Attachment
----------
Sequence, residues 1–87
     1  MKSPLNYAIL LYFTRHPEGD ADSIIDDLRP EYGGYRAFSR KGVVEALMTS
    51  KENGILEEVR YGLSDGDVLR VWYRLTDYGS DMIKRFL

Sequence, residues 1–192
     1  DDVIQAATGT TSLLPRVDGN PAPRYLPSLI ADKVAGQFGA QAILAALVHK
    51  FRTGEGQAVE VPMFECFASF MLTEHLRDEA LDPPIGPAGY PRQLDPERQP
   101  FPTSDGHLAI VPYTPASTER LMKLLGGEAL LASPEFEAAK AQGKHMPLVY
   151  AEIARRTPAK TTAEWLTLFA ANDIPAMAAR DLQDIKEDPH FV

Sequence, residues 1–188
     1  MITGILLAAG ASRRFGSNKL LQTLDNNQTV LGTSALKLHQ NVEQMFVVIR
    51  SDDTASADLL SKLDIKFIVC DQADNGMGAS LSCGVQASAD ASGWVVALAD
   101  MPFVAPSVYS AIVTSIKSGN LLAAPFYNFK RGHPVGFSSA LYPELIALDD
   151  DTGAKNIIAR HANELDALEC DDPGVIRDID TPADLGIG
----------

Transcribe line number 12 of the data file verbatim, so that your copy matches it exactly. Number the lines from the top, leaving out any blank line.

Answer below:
   101  MPFVAPSVYS AIVTSIKSGN LLAAPFYNFK RGHPVGFSSA LYPELIALDD